James Moore’s appointment as Industry Minister is a promotion that rewards competence with headaches. The 37-year-old Conservative from British Columbia did a valiant job as Minister of Heritage, constructively working with the cultural sector despite its inborn suspicion of his party. For all his good work, Moore has now been handed a portfolio that chews through politicians like a wood chipper through balsa.
Canada has had five ministers of industry in the seven years since Stephen Harper became Prime Minister in 2007. None have been lightweights (You may snicker about Maxime Bernier, but his largely ignored work on foreign competition was laudable). But all have departed the position with less credibility than they had at the start of their tenure. Tony Clement took the fall for the Potash debacle; Christian Paradis fared equally poorly in handling the Petronas-Progress Energy deal and was then upstaged by the Prime Minister in approving CNOOC’s bid for Nexen. Indeed, with the Prime Minister’s Office taking a heavy hand in the portfolio, industry ministers have often been messengers who exist to be shot.
But Moore’s arrival might signal a shift. He’s one of the few politicians who gets to give advice to the Prime Minister, rather than just receiving it. And having first been appointed to cabinet at 32, he qualifies as both one of the “younger Members of Parliament” and a “steady hand” touted in this cabinet shuffle. Further, his tenure in the Heritage portfolio demonstrated some deftness with both policy and political salesmanship.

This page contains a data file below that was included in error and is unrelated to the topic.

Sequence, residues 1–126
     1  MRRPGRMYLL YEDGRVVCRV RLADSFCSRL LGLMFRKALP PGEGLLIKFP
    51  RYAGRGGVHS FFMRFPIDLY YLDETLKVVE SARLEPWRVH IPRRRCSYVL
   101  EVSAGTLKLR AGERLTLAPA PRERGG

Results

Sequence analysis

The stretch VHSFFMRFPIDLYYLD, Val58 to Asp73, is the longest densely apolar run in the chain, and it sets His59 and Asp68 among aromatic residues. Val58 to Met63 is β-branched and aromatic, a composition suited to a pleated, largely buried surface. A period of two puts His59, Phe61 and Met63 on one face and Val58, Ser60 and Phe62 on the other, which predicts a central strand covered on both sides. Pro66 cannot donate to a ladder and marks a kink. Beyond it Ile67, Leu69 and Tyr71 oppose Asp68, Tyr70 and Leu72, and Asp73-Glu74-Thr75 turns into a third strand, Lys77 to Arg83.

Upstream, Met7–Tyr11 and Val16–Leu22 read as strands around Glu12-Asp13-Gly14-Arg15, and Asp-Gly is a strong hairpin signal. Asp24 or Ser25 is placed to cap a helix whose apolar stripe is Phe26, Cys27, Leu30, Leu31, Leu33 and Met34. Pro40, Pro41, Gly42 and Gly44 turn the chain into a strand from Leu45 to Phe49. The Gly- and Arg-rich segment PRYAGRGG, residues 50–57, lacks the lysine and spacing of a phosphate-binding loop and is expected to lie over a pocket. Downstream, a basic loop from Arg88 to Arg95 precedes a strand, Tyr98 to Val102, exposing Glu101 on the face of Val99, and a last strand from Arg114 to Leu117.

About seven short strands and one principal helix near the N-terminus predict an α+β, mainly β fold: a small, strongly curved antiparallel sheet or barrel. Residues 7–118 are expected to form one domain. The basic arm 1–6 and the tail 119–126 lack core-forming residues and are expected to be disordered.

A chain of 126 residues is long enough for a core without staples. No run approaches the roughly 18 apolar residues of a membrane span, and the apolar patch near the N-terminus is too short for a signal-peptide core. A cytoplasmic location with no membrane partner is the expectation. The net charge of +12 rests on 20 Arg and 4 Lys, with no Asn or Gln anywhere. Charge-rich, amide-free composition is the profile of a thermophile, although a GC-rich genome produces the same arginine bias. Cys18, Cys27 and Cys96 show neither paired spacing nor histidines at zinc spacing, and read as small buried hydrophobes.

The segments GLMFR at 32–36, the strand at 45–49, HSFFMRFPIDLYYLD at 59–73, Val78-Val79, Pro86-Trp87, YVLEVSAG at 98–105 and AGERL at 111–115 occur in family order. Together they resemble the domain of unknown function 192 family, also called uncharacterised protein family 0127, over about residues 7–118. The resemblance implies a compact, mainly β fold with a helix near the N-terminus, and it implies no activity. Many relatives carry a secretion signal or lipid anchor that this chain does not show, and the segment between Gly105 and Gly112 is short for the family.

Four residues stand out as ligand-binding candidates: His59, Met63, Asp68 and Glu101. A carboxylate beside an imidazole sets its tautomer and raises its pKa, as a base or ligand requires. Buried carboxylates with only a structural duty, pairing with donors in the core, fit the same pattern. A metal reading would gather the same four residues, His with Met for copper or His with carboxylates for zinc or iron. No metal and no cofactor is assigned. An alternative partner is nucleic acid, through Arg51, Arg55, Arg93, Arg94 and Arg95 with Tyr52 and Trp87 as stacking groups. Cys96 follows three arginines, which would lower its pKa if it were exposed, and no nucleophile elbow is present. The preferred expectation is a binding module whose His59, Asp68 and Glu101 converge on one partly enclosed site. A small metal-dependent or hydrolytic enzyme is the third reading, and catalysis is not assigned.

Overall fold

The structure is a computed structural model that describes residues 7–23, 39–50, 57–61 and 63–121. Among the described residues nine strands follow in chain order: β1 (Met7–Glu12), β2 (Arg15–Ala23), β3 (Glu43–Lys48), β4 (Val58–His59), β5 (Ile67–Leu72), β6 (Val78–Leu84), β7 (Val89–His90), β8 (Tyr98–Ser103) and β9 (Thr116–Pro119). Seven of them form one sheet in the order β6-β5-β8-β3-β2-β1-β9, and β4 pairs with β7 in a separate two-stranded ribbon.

At the very least, Harper is installing a trusted lieutenant in a key role. The cabinet shuffle was billed as leaving the government’s “economic team in place,” with the Ministers of Finance and International Trade, along with the President of the Treasury Board, keeping their jobs. Considerable attention has been given to Jim Flaherty’s unbroken tenure in Finance, but the Industry Minister is just as important to Canada’s economic future—perhaps more so. As we exit the age of governments providing stimulus for the economy, our future growth will come from smart industrial policy, not just smart federal budgets. Many of our country’s most-pressing issues—from management of the telecom sector to foreign direct investment—now fall within Moore’s portfolio. Cynics will say he’s just another sock puppet manipulated by the PMO. But let’s allow for a moment of optimism: Perhaps Moore will be the Industry Minister who finally brings some industriousness to the ministry. Without it, no number of steady hands will save the ship.